Hunting > Big Game

Guns & Loads for Black Bears

There are tougher big game animals out there. But bears are bears, and a poorly-hit bear that escapes into thick cover and must be tracked can be bad news.

4/23/2010

I remember the first time I went black bear hunting. I had heard all the stories about bears and bear attacks, about how black bears were giant, rough-and-tumble animals that could take your best shot and keep coming. Being young and inexperienced, as well as somewhat lacking in funds, I had few rifles from which to choose and no option for buying a new one. So I brought along a battered old pre-64 Winchester Model 70 in .30-06, stuffed with some handloads featuring the 180-grain Nosler Partition bullet. It proved to be a wise decision.

I was on a spot-and stalk hunt in western Montana, a trip on which I saw far more elk and mule deer than I did bears. When I finally got my chance, I shot a medium-sized bear (about a 200-pounder) at 150 yards. He didn’t go 75 yards before piling up.

Since that time I have seen something in the neighborhood of 75 black bears taken with firearms of all shapes, sizes and descriptions. The two largest calibers I’ve seen used are the .375 H&H Mag.—not an uncommon occurrence in Alaska or British Columbia—and .338/.378 Weatherby Magnum, an incredibly powerful, flat-shooting cartridge as suitable for hunting small automobiles as big game. The smallest was a .243 Win., used by a Rocky Mountain deer hunter who happened to have a bear tag in his pocket when we glassed a bear one crisp fall afternoon. After all that, I’ve come to believe that black bears are not indestructible tanks that can take shot after shot and keep going. There are much tougher big-game animals out there. But bears are bears, and a poorly hit bear that escapes into thick cover and must be tracked is a scenario to be avoided.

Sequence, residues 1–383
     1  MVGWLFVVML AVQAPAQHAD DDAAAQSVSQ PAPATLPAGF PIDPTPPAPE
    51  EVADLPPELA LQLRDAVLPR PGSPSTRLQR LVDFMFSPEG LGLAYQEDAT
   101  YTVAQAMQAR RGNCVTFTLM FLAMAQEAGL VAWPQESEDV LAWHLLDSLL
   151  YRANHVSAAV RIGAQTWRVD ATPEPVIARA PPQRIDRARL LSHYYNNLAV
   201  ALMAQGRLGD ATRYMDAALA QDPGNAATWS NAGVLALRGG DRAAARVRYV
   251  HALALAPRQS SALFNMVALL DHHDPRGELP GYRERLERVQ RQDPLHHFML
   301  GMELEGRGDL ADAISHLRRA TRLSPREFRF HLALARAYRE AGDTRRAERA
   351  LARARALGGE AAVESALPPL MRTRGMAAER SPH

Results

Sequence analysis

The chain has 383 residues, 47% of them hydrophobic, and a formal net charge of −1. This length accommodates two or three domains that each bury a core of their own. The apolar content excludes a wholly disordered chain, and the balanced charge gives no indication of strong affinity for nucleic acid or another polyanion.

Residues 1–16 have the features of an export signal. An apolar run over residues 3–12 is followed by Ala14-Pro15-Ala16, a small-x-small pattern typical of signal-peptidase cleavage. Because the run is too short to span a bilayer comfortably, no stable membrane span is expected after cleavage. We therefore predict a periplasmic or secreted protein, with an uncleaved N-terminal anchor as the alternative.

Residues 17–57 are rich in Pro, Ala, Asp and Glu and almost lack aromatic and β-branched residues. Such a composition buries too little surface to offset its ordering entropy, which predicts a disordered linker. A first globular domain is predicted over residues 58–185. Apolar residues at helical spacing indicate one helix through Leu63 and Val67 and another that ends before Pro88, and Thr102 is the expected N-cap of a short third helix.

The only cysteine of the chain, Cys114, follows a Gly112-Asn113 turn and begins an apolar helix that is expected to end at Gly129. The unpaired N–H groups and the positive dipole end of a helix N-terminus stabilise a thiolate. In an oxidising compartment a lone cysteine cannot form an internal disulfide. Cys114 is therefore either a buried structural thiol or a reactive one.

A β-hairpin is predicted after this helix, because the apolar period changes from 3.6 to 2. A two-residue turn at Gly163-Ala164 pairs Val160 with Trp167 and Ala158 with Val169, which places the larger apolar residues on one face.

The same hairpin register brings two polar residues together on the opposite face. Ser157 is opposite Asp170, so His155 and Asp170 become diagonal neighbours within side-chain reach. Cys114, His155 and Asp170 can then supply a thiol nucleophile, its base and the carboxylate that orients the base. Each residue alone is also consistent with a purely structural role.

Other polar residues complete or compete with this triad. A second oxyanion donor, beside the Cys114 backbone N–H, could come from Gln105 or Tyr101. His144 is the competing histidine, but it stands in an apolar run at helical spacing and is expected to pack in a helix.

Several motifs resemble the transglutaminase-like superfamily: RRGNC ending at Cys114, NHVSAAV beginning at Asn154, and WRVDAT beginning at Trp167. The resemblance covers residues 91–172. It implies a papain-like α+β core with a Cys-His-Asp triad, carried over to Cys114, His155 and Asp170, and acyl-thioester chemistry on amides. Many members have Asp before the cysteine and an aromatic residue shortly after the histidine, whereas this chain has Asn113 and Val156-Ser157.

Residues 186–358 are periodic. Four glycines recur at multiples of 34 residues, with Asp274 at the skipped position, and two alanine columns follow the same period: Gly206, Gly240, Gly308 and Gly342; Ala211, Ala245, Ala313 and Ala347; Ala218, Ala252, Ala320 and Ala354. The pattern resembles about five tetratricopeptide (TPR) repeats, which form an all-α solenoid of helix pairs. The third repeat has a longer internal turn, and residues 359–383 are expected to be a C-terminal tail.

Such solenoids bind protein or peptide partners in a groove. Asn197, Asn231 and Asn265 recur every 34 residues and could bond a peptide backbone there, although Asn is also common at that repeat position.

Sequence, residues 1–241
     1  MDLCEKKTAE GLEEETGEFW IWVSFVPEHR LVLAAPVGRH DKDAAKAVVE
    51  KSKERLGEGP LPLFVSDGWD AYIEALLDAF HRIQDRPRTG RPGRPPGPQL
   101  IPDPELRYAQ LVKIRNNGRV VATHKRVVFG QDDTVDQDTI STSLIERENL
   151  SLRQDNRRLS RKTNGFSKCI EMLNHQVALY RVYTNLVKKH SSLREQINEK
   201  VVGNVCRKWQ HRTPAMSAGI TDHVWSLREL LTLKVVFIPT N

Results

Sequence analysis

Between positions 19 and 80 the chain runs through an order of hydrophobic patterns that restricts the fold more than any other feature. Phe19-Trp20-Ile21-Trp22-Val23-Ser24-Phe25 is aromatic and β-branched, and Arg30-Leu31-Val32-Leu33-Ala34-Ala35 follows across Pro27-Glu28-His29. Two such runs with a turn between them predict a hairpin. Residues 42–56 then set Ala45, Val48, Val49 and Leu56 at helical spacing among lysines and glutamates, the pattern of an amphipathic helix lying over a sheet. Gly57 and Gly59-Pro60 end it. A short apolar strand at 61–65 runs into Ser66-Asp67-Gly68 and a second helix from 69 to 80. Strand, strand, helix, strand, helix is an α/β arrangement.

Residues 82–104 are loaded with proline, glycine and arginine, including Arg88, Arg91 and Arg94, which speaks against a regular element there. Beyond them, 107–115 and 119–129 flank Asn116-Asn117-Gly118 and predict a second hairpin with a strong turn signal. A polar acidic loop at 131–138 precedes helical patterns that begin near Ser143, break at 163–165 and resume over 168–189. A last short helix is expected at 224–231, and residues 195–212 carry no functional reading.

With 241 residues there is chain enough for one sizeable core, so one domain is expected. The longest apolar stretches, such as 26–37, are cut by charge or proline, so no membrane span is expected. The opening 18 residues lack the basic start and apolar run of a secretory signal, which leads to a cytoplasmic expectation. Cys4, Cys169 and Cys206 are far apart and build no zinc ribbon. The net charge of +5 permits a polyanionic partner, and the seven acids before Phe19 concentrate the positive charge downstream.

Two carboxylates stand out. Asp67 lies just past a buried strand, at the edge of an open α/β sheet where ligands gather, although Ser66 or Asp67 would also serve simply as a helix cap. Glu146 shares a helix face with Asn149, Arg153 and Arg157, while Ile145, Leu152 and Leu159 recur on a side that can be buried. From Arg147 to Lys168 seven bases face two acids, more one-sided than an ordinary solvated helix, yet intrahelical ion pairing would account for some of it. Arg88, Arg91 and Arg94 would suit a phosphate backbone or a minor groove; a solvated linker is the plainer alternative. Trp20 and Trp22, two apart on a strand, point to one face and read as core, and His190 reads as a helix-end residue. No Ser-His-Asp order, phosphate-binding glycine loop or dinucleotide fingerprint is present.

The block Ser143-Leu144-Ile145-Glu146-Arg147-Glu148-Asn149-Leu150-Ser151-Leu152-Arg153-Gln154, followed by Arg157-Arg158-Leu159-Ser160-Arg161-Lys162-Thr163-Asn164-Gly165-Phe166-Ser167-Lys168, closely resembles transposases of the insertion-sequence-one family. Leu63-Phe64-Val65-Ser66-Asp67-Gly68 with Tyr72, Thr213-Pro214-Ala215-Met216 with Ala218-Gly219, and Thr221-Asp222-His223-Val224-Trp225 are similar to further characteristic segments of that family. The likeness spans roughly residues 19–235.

Match the Cartridge to the Hunt
Generally speaking, black bears can be cleanly taken with most standard deer-hunting cartridges. The prudent sportsman will make his final cartridge choice based on the specific hunt he will be taking. Considerations include the type of hunt, the terrain, and the size of the bears expected to be encountered.

First off, all black bears are not created equal. The average bear taken on many central Canadian bait hunts weighs maybe 150 pounds. These bears are nothing like the 300- to 450-pound beasts taken on the Alaskan and British Columbia coast, or the huge-bodied bears found in more southerly states like California and North Carolina, where 800-pound bears have been weighed on certified scales. Bigger bodies are better taken with larger bullets and more kinetic energy.

Bears hunted on spot-and-stalk hunts or from tree stands and ground blinds overlooking large cornfields should be hunted with a  flat-shooting cartridge that permits precise bullet placement at extended distances. This is especially true in areas where the escape cover is as thick as coastal fog. On the other hand, where shots will be short—this includes most bait hunts and when you are following hounds, where shots will probably be less than 30 yards—using a medium-velocity cartridge featuring a large-caliber bullet that makes a big hole makes more sense.